Florence is a beautiful city with a vast history. Apart from taking in the amazing ancient architecture of the famous Duomo and surrounding buildings, there are two museums you must should visit.
On day-one, we lined up for three-hours-straight outside the Uffizi Museum to see an original completed Michelangelo, one half-baked Michelangelo and a whole bunch of other great renaissance artists. Other than the Michelangelo painting, my other favorite was of a woman severing-off a man’s head. From what is visually depicted, this guy must have been a real bastard. Although it was painted in 1620, it was always concealed from public viewing due to its “horrifying” nature until 2002. The artist’s name is Artemisia Gentileschi and she is one of the first female renaissance painters. Apparently she was brutally attacked and compromised by a male or two in her earlier life, which obviously influenced her art. You can’t help but notice the fire and intensity in her work as it demands you take notice of the story behind it. This particular painting is called, Judith Slaying Holofernes. (painting link courtesy of wikipedia)
I noticed in a lot of the renaissance paintings that most of the halos surrounding the religious figures’ heads were uniquely detailed. Kind of like how every finger print is unique. I also noticed that most of the powerful looking religious figures were holding up their two longest fingers (the index finger and the one next to it) for some reason, which still baffles me.
The following day we went to the Academia Gallery to see the Statue of David and other fine pieces of 16th century renaissance art. This time you could pre-book tickets, so we didn’t have to wait around for three hours in-line like chumps. The various art and sculptures were great to look at, but the Statue of David was exactly as they say; a masterpiece. Looking at the way it was shaped and sculptured, the way the proportions of the head and hands are deliberately out of whack, imagining how long it must have taken to complete (three years)… is simply inspiring. This wasn’t a novel or a drawing, a song or a painting, where if you make a little mistake you can just go back and alter it… no, this was a giant chunk of marble where one false chisel will destroy everything. It’s truly amazing stuff and hard to believe he got it so perfect at such a scale (5 meters) over such a length of time (3 years). No wonder he is so famous and will continue to be so forever. Michelangelo was a Renaissance painter, sculptor, architect, poet, and engineer. Michelangelo is a truly inspiring artist in every sense of the word and you have to see the statue (and his paintings) with your own eyes to truly understand its power.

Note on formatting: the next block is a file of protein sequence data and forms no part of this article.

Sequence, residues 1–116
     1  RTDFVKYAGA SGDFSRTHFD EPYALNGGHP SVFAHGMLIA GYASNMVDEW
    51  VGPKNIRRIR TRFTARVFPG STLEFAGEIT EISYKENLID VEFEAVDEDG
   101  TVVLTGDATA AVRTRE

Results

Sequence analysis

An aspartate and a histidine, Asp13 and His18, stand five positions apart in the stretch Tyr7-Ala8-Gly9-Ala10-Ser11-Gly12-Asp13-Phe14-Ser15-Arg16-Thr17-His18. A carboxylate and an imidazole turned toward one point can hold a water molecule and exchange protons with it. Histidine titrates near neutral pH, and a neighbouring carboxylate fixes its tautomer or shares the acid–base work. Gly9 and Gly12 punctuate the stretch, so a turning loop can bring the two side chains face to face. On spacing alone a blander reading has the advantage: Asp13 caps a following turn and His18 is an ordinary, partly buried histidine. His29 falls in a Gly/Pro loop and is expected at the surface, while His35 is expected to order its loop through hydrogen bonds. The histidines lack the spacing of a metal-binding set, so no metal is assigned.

We stayed for three nights at a campsite called Camping Michelangelo on top of a large hill overlooking Florence. It is only a few hundred meters away from the Piazza di Michelangelo, where I took a photo of a replica of the Statue of David at sunset. Bus number12, directly outside the campground, takes you into the city. Bus number 13 brings you back. You’ll find in most of Italy, the bus drivers can’t be bothered messing around with tickets, so you ask to buy one and they just say, “no ticket!” and it’s free for some reason. I think you’re supposed to buy pre-paid tickets. Some of the time, we did. For around 30 euros a night we had our tent and car spot and access to the nice bar/cafe that overlooked the city. For 1 euro, you get 12 hours of non-continuous wireless internet access.
Rob Kaay is an Australian author & musician
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